The head of the MetroHartford Alliance said Hartford’s business community could be on board with a bankruptcy in the city, if it’s properly planned. Alliance President and CEO Oz Griebel said structural reform is needed to give the private sector confidence in Hartford.
Last week, Hartford Mayor Luke Bronin announced he had retained a law firm with experience in municipal bankruptcies, in case the city has to resort to restructuring its debt.
Hartford is projecting at least a $50 million deficit this year, and the numbers could be worse depending on the outcome of state budget negotiations.
Griebel told WNPR’s Where We Live he’d rather see restructuring take place voluntarily, but if business leaders and state officials are consulted on the aims of a bankruptcy, it could work.
“Simply going and filing for bankruptcy – we’ve been very clear on this – that makes no sense to us, because of the uncertainty that goes with a bankruptcy filing, the costs associated with it,” he said.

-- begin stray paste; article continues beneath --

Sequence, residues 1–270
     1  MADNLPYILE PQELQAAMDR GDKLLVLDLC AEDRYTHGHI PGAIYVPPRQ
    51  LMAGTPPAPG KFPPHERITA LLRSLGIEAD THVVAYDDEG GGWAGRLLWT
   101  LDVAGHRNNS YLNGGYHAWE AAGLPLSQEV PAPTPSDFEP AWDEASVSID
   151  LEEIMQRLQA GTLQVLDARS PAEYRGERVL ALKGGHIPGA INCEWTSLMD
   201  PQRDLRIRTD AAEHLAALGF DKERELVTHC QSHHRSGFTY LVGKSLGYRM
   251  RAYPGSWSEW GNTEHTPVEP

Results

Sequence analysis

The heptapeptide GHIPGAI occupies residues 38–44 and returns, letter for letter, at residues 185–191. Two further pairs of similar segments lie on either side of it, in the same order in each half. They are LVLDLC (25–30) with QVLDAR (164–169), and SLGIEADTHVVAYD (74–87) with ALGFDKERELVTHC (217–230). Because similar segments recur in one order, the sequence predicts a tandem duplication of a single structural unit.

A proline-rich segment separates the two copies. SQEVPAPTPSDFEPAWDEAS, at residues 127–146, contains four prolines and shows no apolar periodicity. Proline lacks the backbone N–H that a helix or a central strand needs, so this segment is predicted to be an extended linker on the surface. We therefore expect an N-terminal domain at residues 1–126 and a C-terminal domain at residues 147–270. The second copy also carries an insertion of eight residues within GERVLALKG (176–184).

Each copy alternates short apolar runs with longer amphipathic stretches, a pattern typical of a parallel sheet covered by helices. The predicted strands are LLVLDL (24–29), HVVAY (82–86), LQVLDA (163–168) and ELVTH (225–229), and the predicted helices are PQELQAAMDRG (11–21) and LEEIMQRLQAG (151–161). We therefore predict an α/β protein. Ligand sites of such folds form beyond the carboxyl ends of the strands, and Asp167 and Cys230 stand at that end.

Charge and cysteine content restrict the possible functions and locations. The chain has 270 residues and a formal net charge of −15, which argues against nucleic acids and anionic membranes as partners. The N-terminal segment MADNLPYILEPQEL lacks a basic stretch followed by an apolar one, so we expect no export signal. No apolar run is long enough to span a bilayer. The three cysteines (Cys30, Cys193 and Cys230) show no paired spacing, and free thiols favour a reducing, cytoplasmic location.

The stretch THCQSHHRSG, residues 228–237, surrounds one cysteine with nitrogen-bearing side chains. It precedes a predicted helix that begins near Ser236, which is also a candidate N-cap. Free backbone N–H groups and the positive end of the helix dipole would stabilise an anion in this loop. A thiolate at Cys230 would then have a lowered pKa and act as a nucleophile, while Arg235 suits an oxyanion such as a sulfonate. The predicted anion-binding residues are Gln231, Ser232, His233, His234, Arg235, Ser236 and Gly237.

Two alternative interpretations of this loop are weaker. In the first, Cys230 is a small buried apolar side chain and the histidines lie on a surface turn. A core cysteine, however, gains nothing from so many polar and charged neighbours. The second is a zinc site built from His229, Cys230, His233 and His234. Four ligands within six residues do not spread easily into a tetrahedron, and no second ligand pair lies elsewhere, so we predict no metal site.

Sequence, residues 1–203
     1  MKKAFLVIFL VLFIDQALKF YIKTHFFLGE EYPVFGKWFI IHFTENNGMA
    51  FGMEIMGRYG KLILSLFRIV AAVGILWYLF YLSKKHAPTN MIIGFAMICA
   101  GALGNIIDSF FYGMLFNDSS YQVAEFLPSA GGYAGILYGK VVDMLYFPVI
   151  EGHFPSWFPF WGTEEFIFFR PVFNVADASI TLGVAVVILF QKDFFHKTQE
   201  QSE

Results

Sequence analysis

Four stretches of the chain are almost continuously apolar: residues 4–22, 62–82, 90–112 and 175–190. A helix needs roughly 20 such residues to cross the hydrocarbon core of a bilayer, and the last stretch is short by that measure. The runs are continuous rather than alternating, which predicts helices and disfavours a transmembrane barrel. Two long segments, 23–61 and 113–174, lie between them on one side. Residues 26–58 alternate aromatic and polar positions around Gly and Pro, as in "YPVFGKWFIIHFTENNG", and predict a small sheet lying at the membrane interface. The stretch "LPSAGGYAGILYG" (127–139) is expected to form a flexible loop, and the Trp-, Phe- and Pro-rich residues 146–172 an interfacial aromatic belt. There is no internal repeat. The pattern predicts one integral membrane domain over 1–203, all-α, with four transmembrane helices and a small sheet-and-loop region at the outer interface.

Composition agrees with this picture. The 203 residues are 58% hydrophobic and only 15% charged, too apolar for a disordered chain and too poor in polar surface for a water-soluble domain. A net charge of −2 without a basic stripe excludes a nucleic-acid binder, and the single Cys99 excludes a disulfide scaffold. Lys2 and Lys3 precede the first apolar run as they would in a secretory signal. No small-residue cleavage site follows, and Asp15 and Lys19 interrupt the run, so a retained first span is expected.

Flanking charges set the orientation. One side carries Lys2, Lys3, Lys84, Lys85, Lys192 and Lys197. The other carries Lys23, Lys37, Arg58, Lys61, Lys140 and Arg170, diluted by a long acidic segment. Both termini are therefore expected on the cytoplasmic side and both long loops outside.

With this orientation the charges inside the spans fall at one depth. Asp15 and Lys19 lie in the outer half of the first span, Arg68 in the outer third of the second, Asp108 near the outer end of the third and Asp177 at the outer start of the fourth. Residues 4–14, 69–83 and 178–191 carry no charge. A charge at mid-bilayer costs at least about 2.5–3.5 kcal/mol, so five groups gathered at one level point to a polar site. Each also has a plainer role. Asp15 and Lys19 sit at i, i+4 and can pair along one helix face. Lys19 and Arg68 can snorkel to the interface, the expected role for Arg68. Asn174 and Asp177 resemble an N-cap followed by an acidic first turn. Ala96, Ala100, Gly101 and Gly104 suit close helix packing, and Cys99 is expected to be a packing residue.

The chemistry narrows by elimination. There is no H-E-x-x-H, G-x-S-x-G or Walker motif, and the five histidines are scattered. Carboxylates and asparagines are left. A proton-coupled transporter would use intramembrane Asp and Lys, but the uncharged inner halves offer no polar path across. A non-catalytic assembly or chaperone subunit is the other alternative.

“But if we’re joined at the hip, and all the parties say yes, this is the reset button we need to hit for Hartford, then I think bankruptcy -- notwithstanding some of the serious concerns about public relations issues – that may be one way we can go to begin to attain that structural reform that we know we need in Hartford,” Griebel said.
He identified Hartford’s painfully high property taxes as a key factor holding back investment in the city.
“The single most important thing....to generate private sector confidence will be a projected steady decline in that 74, 75 mill rate, down to something that much more competitive,” he said.
Griebel is stepping down from the Alliance, which is Hartford’s Chamber of Commerce, at the end of this year. He hasn’t said categorically whether he’s interested in another run for governor – he unsuccessfully sought the Republican nomination in 2010.